Icons have the ability to convey a lot of information in a single graphic. If you need a custom icon and have Adobe Illustrator, this class is for you. Adobe certified instructor Jason Hoppe will take you through the icon creating process and demonstrate this by creating a set of over twenty icons around a central theme.

Topics include:

  • Using a Grid structure for alignment
  • Setting up Object Styles
  • Using the Scale Stroke options for consistency
  • Alignment and Spacing tips
  • Create simple yet effective drop/slip shadows and great highlights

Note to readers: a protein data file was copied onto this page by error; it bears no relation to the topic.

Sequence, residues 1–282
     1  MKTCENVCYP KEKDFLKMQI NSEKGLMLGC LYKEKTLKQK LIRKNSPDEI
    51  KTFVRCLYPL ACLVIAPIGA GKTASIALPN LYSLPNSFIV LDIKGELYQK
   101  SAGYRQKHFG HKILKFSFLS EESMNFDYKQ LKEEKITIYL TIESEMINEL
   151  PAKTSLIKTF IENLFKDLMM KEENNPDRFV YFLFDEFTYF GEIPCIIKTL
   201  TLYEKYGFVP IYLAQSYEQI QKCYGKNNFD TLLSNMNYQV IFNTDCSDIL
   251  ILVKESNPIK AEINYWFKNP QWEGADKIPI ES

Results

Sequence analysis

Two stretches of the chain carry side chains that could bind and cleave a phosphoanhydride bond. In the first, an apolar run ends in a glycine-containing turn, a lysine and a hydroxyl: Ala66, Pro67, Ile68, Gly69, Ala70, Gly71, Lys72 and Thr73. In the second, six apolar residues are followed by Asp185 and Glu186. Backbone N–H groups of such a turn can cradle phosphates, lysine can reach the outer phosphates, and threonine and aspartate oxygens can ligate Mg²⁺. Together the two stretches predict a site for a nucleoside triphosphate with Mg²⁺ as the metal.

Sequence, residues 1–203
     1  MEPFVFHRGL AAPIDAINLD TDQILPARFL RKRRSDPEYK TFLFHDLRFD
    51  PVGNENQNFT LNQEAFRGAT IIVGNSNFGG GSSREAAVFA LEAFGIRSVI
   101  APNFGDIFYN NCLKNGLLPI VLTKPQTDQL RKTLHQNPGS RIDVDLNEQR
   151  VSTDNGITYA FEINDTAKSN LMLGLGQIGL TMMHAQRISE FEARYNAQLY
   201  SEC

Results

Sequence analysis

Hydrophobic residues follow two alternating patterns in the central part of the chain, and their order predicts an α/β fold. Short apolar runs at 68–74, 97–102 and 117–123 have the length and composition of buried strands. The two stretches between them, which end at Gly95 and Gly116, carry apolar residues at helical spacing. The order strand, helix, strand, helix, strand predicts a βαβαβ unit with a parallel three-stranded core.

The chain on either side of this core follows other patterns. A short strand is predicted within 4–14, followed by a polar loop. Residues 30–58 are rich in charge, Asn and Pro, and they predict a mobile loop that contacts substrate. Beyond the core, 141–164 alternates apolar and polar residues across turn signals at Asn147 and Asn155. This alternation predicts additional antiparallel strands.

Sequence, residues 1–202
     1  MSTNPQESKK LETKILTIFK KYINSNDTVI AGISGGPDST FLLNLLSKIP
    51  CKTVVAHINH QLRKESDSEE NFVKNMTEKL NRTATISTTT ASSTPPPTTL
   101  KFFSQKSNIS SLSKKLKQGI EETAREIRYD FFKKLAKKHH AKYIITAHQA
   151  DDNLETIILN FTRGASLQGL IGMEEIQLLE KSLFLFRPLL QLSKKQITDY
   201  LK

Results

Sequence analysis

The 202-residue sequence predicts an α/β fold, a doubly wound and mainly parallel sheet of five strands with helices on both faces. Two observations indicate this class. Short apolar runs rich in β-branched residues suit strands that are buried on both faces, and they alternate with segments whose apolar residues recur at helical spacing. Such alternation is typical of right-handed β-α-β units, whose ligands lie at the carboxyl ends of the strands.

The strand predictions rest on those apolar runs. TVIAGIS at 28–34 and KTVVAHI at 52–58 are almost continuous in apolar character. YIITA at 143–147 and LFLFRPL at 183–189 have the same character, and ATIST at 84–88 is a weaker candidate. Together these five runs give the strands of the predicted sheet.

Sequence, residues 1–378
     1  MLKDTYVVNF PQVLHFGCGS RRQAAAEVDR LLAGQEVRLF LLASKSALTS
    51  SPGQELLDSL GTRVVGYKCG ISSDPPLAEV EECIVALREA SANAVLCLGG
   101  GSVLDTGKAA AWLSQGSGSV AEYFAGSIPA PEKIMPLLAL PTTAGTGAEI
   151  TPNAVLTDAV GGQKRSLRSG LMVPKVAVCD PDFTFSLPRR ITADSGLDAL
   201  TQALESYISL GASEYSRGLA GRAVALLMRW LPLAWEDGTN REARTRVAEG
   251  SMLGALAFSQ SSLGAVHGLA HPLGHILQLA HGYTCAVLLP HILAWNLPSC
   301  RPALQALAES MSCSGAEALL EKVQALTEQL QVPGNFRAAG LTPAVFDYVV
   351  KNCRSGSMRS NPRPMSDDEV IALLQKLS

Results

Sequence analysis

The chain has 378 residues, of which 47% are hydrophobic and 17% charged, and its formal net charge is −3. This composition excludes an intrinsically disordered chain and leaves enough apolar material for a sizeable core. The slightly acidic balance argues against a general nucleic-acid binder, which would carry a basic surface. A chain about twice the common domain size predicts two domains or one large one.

• Best ways to save/export icons for the best display and use


Software Used: Adobe Illustrator CC 2017

Reviews

Tomas Verver
 

I like Jason's teachingstyle. Nice to see that just using symple shapes and a few trucs can help you make icons.

Eileen
 

I learned some nifty techniques! For example, how to easily change sharp corners to round ones, and how to subtract simple shapes from each other and use them as building blocks to create icons.